The gospel of John is a beautiful, almost poetic gospel in parts, with many references to the power of God’s love. John is called the “beloved” disciple, the “disciple Jesus loved”. As the youngest and one of the inner circle, he seems to have a special relationship with Jesus. It was John to whom Jesus from the cross entrusted the care of his mother, “When Jesus saw his mother and the disciple there whom he loved, he said to her, ‘Woman, behold your son.’ Then he said to the disciple, ‘Behold, your mother.’ And from that hour the disciple took her into his home.” (John 19: 26-27) Thus John became the patron of caregivers, especially parental caregivers.
From this we can extrapolate what is expected of us – to care for our parents, the elderly, the ill, the lonely, and the needy. It is implicit in God’s commandment to love one another that, however we are able, we should help those around us. We should “be there” for others as John was there at the cross for Jesus. “If someone who has worldly means sees a brother in need and refuses him compassion, how can the love of God remain in him? Children, let us love not in word or speech, but in deed and truth.” (1 John 3: 17-18)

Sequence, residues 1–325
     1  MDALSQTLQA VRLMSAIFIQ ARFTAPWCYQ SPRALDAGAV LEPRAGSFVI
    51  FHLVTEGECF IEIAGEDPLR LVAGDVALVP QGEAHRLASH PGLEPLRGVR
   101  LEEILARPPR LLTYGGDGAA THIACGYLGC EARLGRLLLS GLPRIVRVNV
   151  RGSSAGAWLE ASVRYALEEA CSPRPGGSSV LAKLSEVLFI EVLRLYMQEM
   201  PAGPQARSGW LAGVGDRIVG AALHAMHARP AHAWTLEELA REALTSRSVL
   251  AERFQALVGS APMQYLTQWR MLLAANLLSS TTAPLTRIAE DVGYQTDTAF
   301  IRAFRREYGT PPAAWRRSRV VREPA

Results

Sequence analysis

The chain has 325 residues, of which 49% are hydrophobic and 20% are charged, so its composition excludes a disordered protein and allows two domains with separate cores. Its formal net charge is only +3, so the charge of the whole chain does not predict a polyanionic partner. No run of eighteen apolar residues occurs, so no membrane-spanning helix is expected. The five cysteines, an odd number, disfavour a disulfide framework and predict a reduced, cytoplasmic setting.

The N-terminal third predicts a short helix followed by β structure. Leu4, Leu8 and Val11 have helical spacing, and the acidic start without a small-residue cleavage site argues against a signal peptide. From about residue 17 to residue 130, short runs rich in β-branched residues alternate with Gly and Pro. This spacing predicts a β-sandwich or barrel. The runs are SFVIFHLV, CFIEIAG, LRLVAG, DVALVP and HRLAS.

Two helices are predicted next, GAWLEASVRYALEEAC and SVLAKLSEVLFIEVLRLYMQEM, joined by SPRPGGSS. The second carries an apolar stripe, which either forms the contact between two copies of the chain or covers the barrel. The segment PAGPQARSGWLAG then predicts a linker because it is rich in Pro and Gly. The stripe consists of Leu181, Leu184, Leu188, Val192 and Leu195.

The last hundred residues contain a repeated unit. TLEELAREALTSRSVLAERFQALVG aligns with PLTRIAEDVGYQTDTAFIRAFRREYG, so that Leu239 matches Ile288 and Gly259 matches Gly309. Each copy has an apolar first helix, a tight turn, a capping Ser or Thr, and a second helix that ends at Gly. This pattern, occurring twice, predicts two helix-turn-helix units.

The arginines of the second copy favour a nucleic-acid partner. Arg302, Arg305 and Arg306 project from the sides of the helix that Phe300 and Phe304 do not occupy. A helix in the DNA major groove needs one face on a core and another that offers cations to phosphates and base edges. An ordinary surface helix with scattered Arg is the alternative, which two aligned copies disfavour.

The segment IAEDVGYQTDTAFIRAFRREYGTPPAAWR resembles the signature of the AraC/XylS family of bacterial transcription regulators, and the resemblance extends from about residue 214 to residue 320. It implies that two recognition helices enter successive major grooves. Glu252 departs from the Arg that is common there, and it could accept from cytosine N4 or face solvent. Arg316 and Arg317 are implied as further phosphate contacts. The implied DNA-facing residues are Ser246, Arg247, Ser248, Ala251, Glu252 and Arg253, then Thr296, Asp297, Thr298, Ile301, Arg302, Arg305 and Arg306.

John is also the apostle of love and light. His writings reveal his passionate belief in the message of Jesus’s life. His role as caregiver is defined by his testimony that Jesus is the Messiah sent to be our savior. He does this by presenting evidence of Jesus’s divine purpose in “signs”: changing the water into wine at the wedding in Cana, the multiplication of the loaves, the encounter with the Samarian woman at the well, the raising of Lazarus, seven in all. John’s gospel, his testimony, is highly literary and symbolic, written to teach, to convert, to convince, to interpret, to witness the words and works of Christ. Here we can see his greatest caregiving – encouraging followers, coaching them to adhere to the example of Jesus and to obey the commandment to love one another.
It is said that at a very old age John was carried into the church at Ephesus where he would address those present with “My little children, love one another”. I think it is John’s thematic reminders to love one another, to be true to our belief in Jesus as savior, and to remain in the light of God that make him our personal evangelist, theologian, and teacher in love. This is his special legacy as caregiver.
Prayer: Dear Lord, thank you for the apostle John, his gospel of testimony, and his example of caregiving. Help us to be caregivers to those around us, to be witnesses of Christ’s saving grace, and to love one another. Amen.